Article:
44

I'm writing a basic app to learn ASP.NET 5. One area I find very confusing is configuration. Prior to ASP.NET 5, I could do the following:

var settingValue = ConfigurationManager.AppSettings["SomeKey"];

I would have lines of code like that sprinkled throughout my code. Now, in the vNext world, I have a config.json file that looks like this:

config.json

{
  "AppSettings": {
    "SomeKey":"SomeValue"
  }
}

Then in Startup.cs, I have the following: Startup.cs

public IConfiguration Configuration { get; set; }
public Startup(IHostingEnvironment environment) 
{
  Configuration = new Configuration()
      .AddJsonFile("config.json");
}

From there, I'm totally stumped. I have MyClass.cs in /src/Website/Code/Models/MyClass.cs.

MyClass.cs

public class MyClass
{
  public string DoSomething() 
  {
    var result = string.Empty;
    var keyValue = string.Empty; // TODO: What do I do here? How do I get the value of "AppSettings:SomeKey"?
    return result;
  }
}

How do I get the value of "AppSettings:SomeKey"?

1
  • @MStodd - Yes. MVC6 (ASP.NET 5) May 15, 2015 at 18:53

4 Answers 4

17

ASP.NET 5 makes heavy use of Dependency Injection, so if you are also using Dependency Injection then this is very simple. If you examine the sample MVC6 project, you can see how this works:

First, there's a class AppSettings defined in Properties, which is a strongly-typed version of the options your class supports. In the sample project, this just contains SiteTitle.

public class AppSettings
{
    public string SiteTitle { get; set; }
}

Then, this class is initialised through dependency injection in ConfigureServices. Configuration here is the one you created in the constructor of the Startup class.

public void ConfigureServices(IServiceCollection services)
{
    services.Configure<AppSettings>(Configuration.GetSubKey("AppSettings"));
    // ...
}

Then, assuming your class is instantiated by the dependency injection container, you can simply ask for an IOptions and you'll get one. For example, in a controller you could have the following:

public class HomeController
{
    private string _title;
    public HomeController(IOptions<AppSettings> settings) 
    {
        _title = settings.Options.SiteTitle;
    }
}
5
  • I'm curious, which sample MVC6 project are you referring to? Do you have a link?
    – Some User
    May 22, 2015 at 19:01
  • The one you get when you do new MVC project in Visual Studio
    – Richard
    May 22, 2015 at 19:08
  • 3
    @SerjSagan How did you get this to work. On my system Configuration does not have a GetSubKey method. Feb 2, 2016 at 22:22
  • 6
    There's a couple of ways. For root level stuff use Configuration.GetSection("AppSettings") For nested stuff use Configuration["Data:DefaultConnection:ConnectionString"]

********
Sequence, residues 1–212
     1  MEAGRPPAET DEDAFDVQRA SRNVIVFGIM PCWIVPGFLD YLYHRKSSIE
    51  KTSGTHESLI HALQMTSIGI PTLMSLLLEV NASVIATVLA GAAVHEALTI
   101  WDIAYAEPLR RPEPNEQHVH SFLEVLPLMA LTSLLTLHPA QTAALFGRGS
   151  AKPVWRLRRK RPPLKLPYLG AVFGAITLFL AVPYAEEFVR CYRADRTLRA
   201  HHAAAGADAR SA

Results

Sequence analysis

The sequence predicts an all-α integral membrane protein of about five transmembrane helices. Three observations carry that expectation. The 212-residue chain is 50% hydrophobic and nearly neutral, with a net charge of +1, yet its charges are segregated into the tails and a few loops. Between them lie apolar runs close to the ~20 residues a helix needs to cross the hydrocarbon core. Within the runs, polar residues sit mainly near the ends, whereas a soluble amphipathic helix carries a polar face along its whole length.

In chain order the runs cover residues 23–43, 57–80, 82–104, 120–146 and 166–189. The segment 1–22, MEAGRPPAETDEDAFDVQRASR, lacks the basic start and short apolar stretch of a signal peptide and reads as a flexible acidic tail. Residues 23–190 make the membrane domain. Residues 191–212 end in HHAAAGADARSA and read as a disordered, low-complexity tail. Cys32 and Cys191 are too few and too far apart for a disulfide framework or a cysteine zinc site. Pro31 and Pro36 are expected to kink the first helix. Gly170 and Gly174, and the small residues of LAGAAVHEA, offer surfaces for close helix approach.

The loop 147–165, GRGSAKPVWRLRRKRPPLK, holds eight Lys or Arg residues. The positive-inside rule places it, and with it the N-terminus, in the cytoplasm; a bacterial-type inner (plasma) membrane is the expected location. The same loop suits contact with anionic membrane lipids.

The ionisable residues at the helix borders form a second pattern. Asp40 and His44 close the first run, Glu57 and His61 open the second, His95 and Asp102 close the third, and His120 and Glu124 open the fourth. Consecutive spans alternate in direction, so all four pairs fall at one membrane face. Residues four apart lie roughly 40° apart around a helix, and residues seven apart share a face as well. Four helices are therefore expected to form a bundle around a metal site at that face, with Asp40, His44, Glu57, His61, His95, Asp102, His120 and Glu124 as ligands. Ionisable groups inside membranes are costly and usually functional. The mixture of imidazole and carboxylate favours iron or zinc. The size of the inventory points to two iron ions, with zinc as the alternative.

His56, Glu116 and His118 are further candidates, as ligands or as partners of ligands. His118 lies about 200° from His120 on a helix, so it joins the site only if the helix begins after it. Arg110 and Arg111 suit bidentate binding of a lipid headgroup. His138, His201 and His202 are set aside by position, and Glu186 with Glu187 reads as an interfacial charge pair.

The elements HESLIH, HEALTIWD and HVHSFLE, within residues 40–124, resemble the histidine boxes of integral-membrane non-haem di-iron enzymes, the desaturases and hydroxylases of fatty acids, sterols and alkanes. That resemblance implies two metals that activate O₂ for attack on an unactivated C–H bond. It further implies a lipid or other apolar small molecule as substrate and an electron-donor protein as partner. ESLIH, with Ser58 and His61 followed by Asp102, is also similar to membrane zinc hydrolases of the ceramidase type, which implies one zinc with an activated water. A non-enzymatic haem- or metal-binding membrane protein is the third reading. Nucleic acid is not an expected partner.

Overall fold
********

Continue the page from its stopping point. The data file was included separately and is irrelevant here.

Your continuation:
– Serj Sagan
    Feb 2, 2016 at 22:47
  • 3
    Just to note that, as of today with Asp.Net Core RC1 already out and RC2 coming, this Options Model is the suggested way to go. The interface changed a little: now it would be settings.Value.SiteTitle, plus in ConfigureServices one needs services.AddOptions(); to setup options with DI
    – superjos
    Apr 29, 2016 at 10:01
15

I use ASP.NET 5 dependency injection, like so.

config.json:

{
    "random":  "Hello World!"
}

startup.cs:

public class Startup
{
    public Startup(IHostingEnvironment env, IApplicationEnvironment appEnv)
    {
        var builder = new ConfigurationBuilder(appEnv.ApplicationBasePath)
            .AddJsonFile("config.json");

        Configuration = builder.Build();
    }

    public IConfiguration Configuration { get; set; }

    public void ConfigureServices(IServiceCollection services)
    {
        services.AddMvc();
        services.AddSingleton<IConfiguration>(sp => { return Configuration; });
    }

    public void Configure(IApplicationBuilder app)
    {
        app.UseMvc(routes =>
        {
            routes.MapRoute(name: "default", template: "{controller=Home}/{action=Index}/{id?}");
        });

    }

}

Controller:

public class HomeController : Controller
{

    IConfiguration config;

    public HomeController(IConfiguration config)
    {
        this.config = config;
    }

    public IActionResult Index()
    {
        var template = "<marquee>{0}</marquee>";
        var content = string.Format(template, config.Get("random"));
        return Content(content, "text/html");
    }
}
2
  • 1
    In the latest version of ASP.NET Core, var builder = new ConfigurationBuilder().AddJsonFile("appsettings.json") Apr 2, 2016 at 20:46
  • ... and changed yet again in Core 2.0.
    – Marc L.
    Jan 11, 2018 at 22:48
14